(Tetum) An outside table overflowing with colourful, fresh, locally produced fruits, vegetables and legumes on a warm tropical morning; the smell of cooking fish with fresh herbs and spices; the sound of bubbling pots, blending juices; and the buzz of an excited group of women and men cooking and learning for the benefit of their families. That was the setting for MAF-SoL’s newly rolled-out nutrition training held in Remexio, Aileu, on Friday 11 April. A lesson where participants can touch, taste and smell what they are learning about is no ordinary classroom activity!

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Sweet potato, mixed legumes and Sele maize ready for cooking! © Alexia Skok/Seeds of Life

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Fresh (and nutritious) Moringa, carrots, cassava and sweet potato waiting to be turned into a healthy and delicious meal! © Alexia Skok/Seeds of Life

 

“We are thankful for the training provided by MAF-SoL to our women‚Äôs group. The farmers have many crops that they plant but they don‚Äôt realise the nutrition content. Now we have a better understanding of nutrition, especially in the crops that we plant”

Under the guidance of the team at HIAM-Health, members of the MAF-SoL gender and Sosek teams undertook extensive nutrition and health training over a period of 8 days. The trainings consisted of in-depth explanations and discussions on health and nutrition issues that most affect rural Timorese, including maternal and child nutrition and how to prepare and consume nutritious local foods.  Topics covered included:

Basic nutrition – the impact of nutrition on the human body, food groups and definitions;

Malnutrition – signs and symptoms, categories of malnutrition and preventative methods;

Balanced diets – basic principles of dietary balance, using locally available foods, providing balanced diets for infants and children, and pregnant and lactating mothers;

Breastfeeding – colostrum taboo, nutritional benefits, and best positions for babies;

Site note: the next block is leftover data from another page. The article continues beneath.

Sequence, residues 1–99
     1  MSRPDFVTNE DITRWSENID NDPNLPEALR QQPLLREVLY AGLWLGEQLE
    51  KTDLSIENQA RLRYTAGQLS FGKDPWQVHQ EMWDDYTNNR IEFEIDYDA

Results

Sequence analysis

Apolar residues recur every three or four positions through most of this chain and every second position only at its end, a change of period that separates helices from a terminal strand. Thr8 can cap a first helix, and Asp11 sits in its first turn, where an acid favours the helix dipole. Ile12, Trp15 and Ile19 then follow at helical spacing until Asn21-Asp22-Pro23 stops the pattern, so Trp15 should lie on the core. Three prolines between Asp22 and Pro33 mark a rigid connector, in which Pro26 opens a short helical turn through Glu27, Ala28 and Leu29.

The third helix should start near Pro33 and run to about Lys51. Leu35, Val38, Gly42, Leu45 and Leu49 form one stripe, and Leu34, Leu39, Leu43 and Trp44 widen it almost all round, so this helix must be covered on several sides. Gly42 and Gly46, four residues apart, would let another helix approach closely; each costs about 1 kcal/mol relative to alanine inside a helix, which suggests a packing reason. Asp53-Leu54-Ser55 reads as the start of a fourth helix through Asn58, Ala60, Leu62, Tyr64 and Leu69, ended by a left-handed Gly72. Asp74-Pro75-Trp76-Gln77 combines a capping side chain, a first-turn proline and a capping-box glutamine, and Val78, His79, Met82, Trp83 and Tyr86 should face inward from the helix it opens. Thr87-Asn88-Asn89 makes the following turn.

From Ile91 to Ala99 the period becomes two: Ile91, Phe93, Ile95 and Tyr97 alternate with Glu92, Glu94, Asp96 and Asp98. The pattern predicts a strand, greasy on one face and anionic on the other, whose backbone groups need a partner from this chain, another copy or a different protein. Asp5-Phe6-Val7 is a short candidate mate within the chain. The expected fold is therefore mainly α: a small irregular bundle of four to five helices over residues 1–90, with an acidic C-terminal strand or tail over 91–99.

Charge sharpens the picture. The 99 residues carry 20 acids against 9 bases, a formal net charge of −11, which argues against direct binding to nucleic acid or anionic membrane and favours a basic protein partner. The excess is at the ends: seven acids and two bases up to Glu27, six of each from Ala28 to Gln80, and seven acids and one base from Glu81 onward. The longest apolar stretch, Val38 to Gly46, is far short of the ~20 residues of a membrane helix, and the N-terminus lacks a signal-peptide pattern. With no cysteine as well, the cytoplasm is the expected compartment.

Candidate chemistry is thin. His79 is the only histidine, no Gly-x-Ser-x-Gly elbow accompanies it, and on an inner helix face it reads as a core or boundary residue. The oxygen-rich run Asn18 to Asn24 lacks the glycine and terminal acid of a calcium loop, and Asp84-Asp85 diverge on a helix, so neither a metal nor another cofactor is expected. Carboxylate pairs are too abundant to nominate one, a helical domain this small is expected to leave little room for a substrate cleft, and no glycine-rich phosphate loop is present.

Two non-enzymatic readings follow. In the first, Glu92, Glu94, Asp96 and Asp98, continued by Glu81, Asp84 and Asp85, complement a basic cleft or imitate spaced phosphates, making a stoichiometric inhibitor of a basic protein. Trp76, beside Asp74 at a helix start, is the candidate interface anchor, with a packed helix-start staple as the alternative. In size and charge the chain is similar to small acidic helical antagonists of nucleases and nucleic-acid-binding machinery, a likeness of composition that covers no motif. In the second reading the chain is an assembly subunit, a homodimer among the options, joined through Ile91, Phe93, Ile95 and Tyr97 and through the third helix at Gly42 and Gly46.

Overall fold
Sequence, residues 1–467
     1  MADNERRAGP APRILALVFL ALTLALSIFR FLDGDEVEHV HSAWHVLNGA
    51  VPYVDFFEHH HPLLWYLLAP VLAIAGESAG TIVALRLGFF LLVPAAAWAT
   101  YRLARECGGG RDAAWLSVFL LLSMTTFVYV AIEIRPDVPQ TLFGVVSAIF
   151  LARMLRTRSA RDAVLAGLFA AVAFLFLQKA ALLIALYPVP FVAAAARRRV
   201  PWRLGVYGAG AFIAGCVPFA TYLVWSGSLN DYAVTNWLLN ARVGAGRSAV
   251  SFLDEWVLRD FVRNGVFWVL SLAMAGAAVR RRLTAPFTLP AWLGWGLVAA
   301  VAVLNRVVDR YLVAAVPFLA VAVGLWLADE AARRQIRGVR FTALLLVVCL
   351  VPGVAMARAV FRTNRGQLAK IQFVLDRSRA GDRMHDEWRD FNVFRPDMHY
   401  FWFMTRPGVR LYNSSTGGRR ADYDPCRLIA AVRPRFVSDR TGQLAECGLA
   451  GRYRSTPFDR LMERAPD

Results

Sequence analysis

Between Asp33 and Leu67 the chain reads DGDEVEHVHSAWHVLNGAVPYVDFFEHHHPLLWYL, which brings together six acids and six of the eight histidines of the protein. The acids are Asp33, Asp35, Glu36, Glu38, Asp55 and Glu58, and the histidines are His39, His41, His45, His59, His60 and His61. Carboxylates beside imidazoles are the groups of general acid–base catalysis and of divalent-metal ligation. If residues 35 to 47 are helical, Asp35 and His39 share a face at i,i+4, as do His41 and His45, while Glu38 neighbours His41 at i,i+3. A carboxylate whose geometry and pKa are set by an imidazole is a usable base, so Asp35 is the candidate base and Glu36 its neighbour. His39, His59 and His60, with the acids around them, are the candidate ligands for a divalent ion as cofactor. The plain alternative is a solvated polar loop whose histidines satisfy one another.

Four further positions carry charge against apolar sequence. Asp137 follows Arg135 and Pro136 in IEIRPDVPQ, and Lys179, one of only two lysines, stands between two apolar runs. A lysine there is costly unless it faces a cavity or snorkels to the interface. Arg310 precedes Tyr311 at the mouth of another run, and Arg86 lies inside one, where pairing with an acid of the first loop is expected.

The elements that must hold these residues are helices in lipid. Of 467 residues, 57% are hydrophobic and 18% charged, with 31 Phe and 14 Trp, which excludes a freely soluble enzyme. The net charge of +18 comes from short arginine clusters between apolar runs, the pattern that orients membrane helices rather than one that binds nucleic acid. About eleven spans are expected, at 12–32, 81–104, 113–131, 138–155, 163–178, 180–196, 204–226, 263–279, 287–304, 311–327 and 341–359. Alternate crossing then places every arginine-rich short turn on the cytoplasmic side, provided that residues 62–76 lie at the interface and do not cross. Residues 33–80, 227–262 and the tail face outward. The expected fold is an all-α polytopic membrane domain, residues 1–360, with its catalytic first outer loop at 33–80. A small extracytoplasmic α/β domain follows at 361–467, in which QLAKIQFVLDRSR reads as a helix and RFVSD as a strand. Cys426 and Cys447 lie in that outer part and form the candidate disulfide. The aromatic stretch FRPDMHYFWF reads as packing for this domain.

Worms – types of worms, effects of worms on nutrition, preventing and treating worms;

Hygiene and sanitation – personal hygiene, hand washing, safe food handling and food hygiene, environmental hygiene and disease prevention.

Working with Rosaria Martins da Cruz, director of HIAM-Health, the MAF-SoL team developed a shorter 2-day nutrition and cooking training that was suited to women members of the 1,000+ Community Seed Production Groups (CSPGs) and focused on obtaining nutritional value from 11 more productive MAF-SoL varieties of the 5 staple crops (rice, maize, peanut, sweet potato and cassava).

The unanimous topic of choice was healthy cooking, culminating with a participatory cooking demonstration of recipes the MAF-SoL team developed using locally-sourced products. The training team acknowledges the benefits of hands-on, interactive learning where participants can see the immediate results of their work,¬†‚ÄúWe believe involving CSPG members in the cooking process gives them practical experience and the chance to ask questions about what we‚Äôre doing‚ÄĚ says Maria Fernandes, Gender Coordinator, ‚Äúthey can bring their new skills and knowledge back to their families and communities‚ÄĚ.

Extensionist Amelica Carvalho says ‚ÄúWe are thankful for the training provided by MAF-SoL to our women‚Äôs group. The farmers have many crops that they plant but they don‚Äôt realise the nutrition content. Now we have a better understanding of nutrition, especially in the crops that we plant.¬† Also, we can provide nutritious food to our families‚ÄĚ.

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Community seed producers prepare Moringa leaves. © Alexia Skok/Seeds of Life

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Community seed producers peeling and sorting the fresh vegetables. © Alexia Skok/Seeds of Life

‚ÄúIn addition to improved food security, we also want our farmers and their families to have nutritional balance‚ÄĚ says Anita Ximenes, Gender Assistant, ‚ÄúThrough cooking demonstrations and training we aim to share information and experiences with farmers on how to cook with good nutritional balance, in a hygienic manner, in order to have healthy farming families‚ÄĚ.

Combining practicality with local production and capacity building, the cooking was done on rocket stoves. Only metres away from the Ministry of Agriculture and Fisheries, Ahisaun runs a workshop of able-bodied and physically disabled craftspeople who produce these economic and sustainable cooking devices. Small and easy to transport, the stoves use limited amounts of wood and are suited to cooking outdoors.

Download our nutrition sheets: Nutrition РEnglish & Nutrition РTetum